This is all great, and you have a lot of the applications, but what else is there? Let’s talk a bit about the included applications. If you’re like me, you spend a lot of time online. Debian comes with 2 web browsers, and neither are firefox. Don’t fret. It seems that Firefox chose to include a patch or piece of code that wasn’t techincally open-source, so Debian included a firefox-ish project called iceweasel. The name sounds a bit wierd, but it has all the same functionality as FF, and is just as much a joy to use. The other browser is Ephiphany. This is actually the default web browser for the system. Epiphany isn’t based on anything else, and is a great web browser, in my opinion. It’s not quite as configurable as FF, but it’s definitely a step up from MS Internet Explorer. Another great application included with Debian is Rythmbox. It’s an amazingly easy to use music player. It recognized my 16Gbs of music much better than many other players. On a Windows system, I’ve always used Windows Media Player 10. Rythmbox is the only music app I can easily use. Just tell it which file to search for your music in, and you’re set.

To get a better feel for your new Linux system, I urge you to play around with some of the different applications. You’ll probably find it amazing how such awesome software can be simply given away.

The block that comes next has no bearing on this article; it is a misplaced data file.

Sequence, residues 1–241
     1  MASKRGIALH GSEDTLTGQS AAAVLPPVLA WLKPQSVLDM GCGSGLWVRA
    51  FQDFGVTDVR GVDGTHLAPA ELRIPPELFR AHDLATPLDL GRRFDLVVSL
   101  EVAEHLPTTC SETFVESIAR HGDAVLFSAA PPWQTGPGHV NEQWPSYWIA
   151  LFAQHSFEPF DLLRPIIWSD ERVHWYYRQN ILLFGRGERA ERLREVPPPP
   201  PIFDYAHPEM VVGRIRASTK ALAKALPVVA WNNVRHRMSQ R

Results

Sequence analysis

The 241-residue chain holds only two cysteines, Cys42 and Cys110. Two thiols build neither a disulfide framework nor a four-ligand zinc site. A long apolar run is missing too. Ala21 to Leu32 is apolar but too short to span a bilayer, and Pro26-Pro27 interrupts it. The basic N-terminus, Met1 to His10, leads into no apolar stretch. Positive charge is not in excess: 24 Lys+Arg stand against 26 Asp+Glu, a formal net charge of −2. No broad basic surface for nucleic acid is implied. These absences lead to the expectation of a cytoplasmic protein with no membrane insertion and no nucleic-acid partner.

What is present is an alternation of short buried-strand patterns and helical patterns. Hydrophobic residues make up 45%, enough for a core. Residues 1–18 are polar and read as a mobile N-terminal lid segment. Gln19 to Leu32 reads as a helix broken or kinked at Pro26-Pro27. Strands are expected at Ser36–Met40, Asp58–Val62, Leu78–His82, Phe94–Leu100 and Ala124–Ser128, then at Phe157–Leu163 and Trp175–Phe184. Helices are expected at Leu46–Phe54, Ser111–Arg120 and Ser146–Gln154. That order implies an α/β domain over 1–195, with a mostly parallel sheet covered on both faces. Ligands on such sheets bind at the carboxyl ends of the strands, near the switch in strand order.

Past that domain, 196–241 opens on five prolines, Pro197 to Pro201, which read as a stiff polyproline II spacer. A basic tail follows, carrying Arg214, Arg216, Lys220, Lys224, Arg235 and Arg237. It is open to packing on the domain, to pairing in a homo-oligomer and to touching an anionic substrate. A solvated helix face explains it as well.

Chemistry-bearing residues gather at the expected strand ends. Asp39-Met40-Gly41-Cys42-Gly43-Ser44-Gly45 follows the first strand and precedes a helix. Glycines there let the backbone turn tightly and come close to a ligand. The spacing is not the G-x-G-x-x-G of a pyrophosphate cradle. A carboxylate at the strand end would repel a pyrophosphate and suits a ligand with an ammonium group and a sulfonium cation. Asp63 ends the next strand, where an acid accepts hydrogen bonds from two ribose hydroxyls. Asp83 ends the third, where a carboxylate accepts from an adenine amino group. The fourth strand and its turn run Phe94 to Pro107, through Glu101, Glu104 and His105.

One Response to Exploring Debian Etch

  1. James says:

    The firefox/iceweasel thing is well documented. “It seems that Firefox chose to include a patch or piece of code that wasn’t techincally open-source, so Debian included a firefox-ish project called iceweasel” is not really correct, although technically if you consider the logo a piece of code… Hmm.

    Essentially, Debian is loathe to change software versions in it’s stable and oldstable distributions. So to follow this policy, the Debian Firefox maintainers wanted to backport security & bug fixes to older versions of Firefox (i.e. 1.0.4 in Sarge, or 1.5.7 in Sarge backports).

    The Mozilla Foundation said that they would prefer that Debian just follow along and package the latest versions like everyone else does. They felt that Debian’s policy of keeping older versions of Firefox out there and just patching them would lead to user confusion and different user experiences. There was much discussion about this online, and Mozilla stuck to their guns. They want everyone who uses “FireFox” to be running the same, or at least similar, software.

    It came down to Mozilla’s trademark control over the name “Firefox” and the logo. They said that a heavily patched 1.0.4 was not actually Firefox anymore, so Debian could not use the name or logo. Debian eventually agreed and that’s where we get IceWeasel from. It is the same code base, but is not “FireFox.” That compromise allows the Debian maintainers to backport security fixes if they need to without worrying about crossing up Mozilla’s trademark concerns.